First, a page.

Paint Pots of Kootenay National Park, BC, Canada. Dawn Page / CoastsideSlacking

A Big Orange Smudge Visible from Space in the Canadian Rockies; What the Heck is That?

Part 4 of a series: 

Iron-rich mineral springs color the ochre mud of the Paint Pots of Kootenay National Park. The vivid contrast with the park’s green forests and milky blue rivers is visible from space.

Who knew?

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Just tap “paint pots British Columbia” into your Google Earth app and you’re there! Or you can do what we did, drive fifteen hundred miles and stroll in from the parking lot just off of Highway 93. Your choice. Though it’s a long drive for a short hike, so perhaps take in some additional sights .

We stopped by as a “bonus hike” after a moderately grueling climb to the rocky moraine beneath Stanley Glacier, also in Kootenay, and a brief visit to Marble Canyon. We had planned to hike a trail from the canyon to the paint pots but turned back and drove the three miles when the trail turned swampy and buggy, which was kinda how we felt after a long day of hiking.

Walking in from the parking lot was easy. Stroll down the slope, cross the Vermilion River on an incredible foot bridge, catch a whiff of sulphur, head through a thicket, and find a marsh of various shades of ochre, aka the Paint Pots. The mineral springs that feed the marsh run down the hill on the far side. The ochre color varies from murky yellow to ruddy orange, depending on the amount of water and impurities.

Try not to step in it. It stains. But if  you can’t help yourself, go for the ruddy orange, a tone that matches the color of our home office. Rather than call it ochre, Home Depot’s Behr paint brand calls it “Nouveau Copper.” Smart.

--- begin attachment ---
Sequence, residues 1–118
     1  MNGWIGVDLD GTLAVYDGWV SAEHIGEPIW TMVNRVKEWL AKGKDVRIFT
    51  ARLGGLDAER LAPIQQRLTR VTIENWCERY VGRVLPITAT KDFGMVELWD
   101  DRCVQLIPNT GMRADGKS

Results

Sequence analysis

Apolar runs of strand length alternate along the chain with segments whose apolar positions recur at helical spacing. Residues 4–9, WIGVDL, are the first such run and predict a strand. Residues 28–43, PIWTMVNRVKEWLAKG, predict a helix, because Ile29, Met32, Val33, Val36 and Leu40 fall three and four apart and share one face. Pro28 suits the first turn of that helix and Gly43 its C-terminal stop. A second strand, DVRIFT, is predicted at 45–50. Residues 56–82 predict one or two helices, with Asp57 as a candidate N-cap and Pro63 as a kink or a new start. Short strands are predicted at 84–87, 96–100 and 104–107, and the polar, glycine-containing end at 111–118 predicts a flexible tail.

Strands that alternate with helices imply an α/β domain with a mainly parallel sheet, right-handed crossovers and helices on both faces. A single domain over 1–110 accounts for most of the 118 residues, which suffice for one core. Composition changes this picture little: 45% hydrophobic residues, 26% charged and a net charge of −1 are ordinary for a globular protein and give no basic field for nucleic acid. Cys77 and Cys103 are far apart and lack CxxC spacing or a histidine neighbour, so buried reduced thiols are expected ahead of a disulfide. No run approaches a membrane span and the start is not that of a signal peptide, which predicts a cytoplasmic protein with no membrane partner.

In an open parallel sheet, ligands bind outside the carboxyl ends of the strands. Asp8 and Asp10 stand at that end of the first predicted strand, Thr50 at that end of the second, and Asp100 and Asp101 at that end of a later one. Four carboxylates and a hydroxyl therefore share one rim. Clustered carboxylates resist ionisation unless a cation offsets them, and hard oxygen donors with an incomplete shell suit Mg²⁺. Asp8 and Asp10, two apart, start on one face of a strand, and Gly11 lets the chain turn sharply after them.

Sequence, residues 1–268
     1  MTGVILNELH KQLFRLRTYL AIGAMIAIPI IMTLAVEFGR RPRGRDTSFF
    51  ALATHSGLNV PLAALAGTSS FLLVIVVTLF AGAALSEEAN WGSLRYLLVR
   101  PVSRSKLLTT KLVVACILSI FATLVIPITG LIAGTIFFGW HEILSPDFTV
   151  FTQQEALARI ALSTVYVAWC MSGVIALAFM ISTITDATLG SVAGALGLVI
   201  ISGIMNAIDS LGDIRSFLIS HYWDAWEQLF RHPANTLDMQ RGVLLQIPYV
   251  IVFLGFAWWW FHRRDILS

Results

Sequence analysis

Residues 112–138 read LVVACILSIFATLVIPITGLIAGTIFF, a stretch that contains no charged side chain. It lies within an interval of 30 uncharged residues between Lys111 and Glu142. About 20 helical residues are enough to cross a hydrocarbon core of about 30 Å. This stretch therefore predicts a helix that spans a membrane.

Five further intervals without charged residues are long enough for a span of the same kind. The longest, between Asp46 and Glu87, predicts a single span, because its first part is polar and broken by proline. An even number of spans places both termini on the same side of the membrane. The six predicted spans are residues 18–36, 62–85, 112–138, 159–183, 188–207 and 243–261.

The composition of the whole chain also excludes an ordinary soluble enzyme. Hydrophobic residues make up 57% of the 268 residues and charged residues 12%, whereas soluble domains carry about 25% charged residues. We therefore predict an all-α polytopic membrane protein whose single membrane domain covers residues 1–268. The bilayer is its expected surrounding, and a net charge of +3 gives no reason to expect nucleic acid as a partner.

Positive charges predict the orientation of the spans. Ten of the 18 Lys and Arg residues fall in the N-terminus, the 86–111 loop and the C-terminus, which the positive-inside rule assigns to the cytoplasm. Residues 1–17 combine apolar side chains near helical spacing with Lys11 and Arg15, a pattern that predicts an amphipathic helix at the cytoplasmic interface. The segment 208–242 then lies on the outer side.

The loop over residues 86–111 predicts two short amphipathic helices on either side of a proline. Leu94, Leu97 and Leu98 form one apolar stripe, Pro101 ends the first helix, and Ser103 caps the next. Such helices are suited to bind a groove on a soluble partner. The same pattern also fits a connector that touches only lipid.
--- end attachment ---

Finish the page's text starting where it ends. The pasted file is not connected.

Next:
Brilliant green marsh grasses grow happily in the ochre soup, but the handful of spruce that have given the swampy lowland a shot and survived seemed decidedly unhappy. Perhaps it’s simply a marketing issue.

Long ago, Native Americans would travel long distances from the neighboring mountains and prairies to collect the colored earth. They would bake it to a powder and then mix it with fish oil or animal grease to create body paint. It also was used on tipis and clothing, and for artwork on rocks. At the turn of the last century, enterprising European Americans mined the soil and shipped it off to Calgary as pigment for house paint. We’re pretty sure the color swatch wasn’t labeled “Nouveau Copper.”

Today the paint pots are protected as a World Heritage Site within Kootenay National Park. Too bad, our office could use a touch-up.

“Who Knew?” is an occasional feature of that spotlights roadside wonders and oddities that might be worth a gawk if you’re in the neighborhood. This post also happens to be the fourth in a series on the wonders of the Canadian Rockies pegged to the 150th year of the Canadian Confederation. Here are links to other posts in the Canadian Rockies series:

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